Stamped Bedcover
Figure 3. Stamped Bedcover. Probably Clermont County, Ohio, about 1830. Linen and cotton plain weave, stamped with pigment, knotted cotton fringe, 96 x 72 in. Gift of the American Textile History Museum, 2017.881.
The “Crafting a Nation” section of the exhibition included works from the first half of the nineteenth century and featured a pieced Carolina Lily quilt and a spectacular appliquéd Baltimore Album quilt that represent two significant branches of the American quilting tradition. (Fig. 4) (Fig. 5a) The unknown makers of both used finely printed cottons manufactured in British mills, which are most prominent in the borders of large-scale furnishing chintz that frame each quilt. While nothing is known about the makers of either quilt, these exquisite examples of their type were made of cotton, the “stuff” that fueled the Atlantic economy in the first half of the nineteenth century. At the outbreak of the Civil War, raw cotton exports from the United States had increased over 100-fold since the beginning of the century, and English mills in cities like Manchester depended on US exports for at least half of their raw cotton supply. The displacement of Indigenous people from areas of the Deep South and the enslavement of millions of African Americans who cultivated cotton on this same seized land ensured the industrial production of cotton cloth and America’s place in the world’s economy.8 Of course, although we cannot know if the creators of either of these quilts consciously acknowledged the human cost of the materials that they clearly valued and manipulated with great skill, the story of cotton is literally on the face of each quilt and deeply embedded in its making.
Carolina Lily Quilt
Figure 4. Carolina Lily Quilt. United States, 1830–early 1840s. Printed plain weave cotton, pieced, appliquéd, and quilted 99 ¼ x 98 ½ in. Museum purchase with funds donated by Jane Burke, Penny Vinik, Ruth Oliver Jolliffe, Elizabeth Ann Coleman, and the Jane Marsland and Judith A. Marsland Fund, 2008.651.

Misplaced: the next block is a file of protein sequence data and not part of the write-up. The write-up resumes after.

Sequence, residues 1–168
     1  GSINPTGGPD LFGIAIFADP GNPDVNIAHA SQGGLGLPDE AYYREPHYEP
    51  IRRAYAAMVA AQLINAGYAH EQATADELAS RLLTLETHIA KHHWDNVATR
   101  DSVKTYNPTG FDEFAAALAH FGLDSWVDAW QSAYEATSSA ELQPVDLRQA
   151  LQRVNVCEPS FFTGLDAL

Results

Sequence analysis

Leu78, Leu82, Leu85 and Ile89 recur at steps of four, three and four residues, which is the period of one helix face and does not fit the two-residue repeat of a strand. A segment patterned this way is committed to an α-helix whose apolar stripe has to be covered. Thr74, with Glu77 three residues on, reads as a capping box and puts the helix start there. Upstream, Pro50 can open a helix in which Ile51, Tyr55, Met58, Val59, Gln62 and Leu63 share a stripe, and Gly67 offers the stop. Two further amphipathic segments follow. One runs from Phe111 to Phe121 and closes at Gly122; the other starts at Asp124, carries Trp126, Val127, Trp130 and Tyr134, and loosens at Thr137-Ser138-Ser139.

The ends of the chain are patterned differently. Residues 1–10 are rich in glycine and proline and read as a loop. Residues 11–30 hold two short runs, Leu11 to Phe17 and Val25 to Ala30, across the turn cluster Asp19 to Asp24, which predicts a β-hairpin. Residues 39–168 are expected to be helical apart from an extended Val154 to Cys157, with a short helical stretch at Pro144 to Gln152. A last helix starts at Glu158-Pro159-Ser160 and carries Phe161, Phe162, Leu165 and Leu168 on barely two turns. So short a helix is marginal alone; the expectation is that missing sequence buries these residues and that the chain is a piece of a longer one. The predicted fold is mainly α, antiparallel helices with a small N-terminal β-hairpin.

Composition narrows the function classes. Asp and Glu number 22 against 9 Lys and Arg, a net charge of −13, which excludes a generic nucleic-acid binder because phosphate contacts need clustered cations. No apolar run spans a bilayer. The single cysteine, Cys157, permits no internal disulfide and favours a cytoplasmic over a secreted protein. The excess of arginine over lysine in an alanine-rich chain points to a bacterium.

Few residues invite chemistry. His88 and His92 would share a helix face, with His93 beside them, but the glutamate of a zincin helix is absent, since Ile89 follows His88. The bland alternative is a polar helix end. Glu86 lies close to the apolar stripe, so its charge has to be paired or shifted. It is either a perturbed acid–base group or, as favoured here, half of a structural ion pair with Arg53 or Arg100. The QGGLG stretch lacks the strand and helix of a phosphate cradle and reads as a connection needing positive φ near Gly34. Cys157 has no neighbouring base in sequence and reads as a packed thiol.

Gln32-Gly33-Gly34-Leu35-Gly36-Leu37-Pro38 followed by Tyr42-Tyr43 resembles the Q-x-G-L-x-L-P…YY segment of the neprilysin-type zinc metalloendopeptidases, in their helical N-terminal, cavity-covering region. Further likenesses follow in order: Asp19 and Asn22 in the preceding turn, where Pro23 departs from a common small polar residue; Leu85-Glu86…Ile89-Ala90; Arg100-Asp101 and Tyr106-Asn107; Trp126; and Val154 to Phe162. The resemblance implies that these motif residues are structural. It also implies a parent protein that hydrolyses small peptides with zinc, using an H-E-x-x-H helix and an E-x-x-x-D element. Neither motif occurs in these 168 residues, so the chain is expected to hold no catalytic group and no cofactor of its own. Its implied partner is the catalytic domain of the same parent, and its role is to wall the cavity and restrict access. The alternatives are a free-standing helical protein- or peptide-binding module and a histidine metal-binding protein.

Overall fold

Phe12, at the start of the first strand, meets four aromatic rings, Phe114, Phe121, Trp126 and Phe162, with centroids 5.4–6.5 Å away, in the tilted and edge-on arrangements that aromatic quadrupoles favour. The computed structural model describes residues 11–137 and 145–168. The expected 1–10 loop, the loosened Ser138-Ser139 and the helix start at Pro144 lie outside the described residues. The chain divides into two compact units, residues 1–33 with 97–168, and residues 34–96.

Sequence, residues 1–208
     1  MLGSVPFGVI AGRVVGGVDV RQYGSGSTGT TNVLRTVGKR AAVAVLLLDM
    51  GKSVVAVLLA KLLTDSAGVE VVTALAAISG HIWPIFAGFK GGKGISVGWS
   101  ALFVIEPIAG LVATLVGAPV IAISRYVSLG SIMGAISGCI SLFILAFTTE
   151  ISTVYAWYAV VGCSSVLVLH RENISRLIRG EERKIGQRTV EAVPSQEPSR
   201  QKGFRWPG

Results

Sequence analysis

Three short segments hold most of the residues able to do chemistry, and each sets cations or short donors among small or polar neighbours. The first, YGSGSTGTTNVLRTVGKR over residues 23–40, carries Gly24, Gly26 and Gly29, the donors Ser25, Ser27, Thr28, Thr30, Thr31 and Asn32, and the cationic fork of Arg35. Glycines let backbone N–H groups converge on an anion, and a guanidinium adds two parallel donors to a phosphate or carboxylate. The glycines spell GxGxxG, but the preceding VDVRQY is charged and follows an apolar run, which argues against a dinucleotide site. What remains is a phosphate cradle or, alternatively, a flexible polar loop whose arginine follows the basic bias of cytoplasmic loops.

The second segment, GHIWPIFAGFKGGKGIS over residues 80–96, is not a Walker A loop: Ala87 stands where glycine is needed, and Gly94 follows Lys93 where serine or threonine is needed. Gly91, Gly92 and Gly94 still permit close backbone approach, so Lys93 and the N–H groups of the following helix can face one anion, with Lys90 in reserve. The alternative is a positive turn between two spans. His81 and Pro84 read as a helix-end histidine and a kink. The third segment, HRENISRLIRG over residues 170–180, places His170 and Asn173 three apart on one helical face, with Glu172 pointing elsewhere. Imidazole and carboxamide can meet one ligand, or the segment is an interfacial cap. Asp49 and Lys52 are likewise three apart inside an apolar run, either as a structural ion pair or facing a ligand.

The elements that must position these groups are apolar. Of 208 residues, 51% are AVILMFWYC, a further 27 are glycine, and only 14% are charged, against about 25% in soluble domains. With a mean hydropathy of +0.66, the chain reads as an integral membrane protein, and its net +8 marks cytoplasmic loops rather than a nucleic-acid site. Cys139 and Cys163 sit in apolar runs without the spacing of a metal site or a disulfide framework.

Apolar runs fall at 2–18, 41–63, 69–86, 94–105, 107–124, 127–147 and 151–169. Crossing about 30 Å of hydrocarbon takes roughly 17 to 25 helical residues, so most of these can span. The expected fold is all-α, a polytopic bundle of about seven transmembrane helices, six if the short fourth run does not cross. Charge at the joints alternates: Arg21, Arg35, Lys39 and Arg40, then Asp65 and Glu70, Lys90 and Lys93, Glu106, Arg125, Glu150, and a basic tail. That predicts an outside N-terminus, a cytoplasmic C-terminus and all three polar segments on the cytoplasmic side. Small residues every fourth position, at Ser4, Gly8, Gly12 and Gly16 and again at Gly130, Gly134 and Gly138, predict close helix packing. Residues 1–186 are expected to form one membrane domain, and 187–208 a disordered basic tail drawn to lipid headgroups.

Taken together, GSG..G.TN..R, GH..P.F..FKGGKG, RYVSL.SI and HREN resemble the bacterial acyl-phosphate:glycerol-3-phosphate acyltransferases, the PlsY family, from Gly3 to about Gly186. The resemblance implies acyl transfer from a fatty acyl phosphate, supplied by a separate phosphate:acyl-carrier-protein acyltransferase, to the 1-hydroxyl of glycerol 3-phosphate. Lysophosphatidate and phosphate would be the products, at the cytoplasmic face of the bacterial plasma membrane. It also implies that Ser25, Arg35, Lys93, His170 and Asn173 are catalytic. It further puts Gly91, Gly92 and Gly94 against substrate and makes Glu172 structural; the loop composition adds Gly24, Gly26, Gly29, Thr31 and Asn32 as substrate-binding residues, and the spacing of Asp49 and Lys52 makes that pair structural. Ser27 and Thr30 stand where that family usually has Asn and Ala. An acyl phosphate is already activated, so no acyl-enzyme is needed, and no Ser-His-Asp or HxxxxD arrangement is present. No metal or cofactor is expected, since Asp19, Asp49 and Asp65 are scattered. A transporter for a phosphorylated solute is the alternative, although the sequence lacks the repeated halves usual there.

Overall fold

Album Quilt
Figure 5a. Album Quilt. Baltimore, Maryland, 1847–1850. Cotton plain weave, pieced, appliquéd, and embroidered with silk thread and quilted, ink and watercolor, 104 x 103 in. Museum purchase with funds donated anonymously, 1999.531.
The Carolina Lily quilt was made by sewing together or piecing geometric shapes of white, red or green fabric to create blocks of red flowers to be interspersed with solid blocks of green printed cotton. Variation among the blocks of the Baltimore Album quilt suggests that it was made by several hands. The star block on the lower right is a relatively simple pattern of hexagonal pieces sewn together and then appliquéd onto the white cloth block, while other blocks contain elaborately appliquéd images of floral wreaths, vases, and cornucopia with birds and butterflies and two hunting scenes. (Fig. 5b) Sometimes, these elements were raised with stuffing beneath or outlined with tiny buttonhole stitches and embellished with hand drawn details, like those of the female figure with a floral banner in one of the center blocks. (Fig. 5c) While many nineteenth-century album quilts survive today in private and public collections, those made in Baltimore from the late 1840s through the 1850s are among the most elaborate and finely worked. They were often made in domestic workshop settings, where their production was organized by upper class white women who hired seamstresses and others of lesser means to sew the blocks. They functioned as presentation pieces and were often commissioned to be given to local ministers, betrothed couples, and others who had contributed to their community.9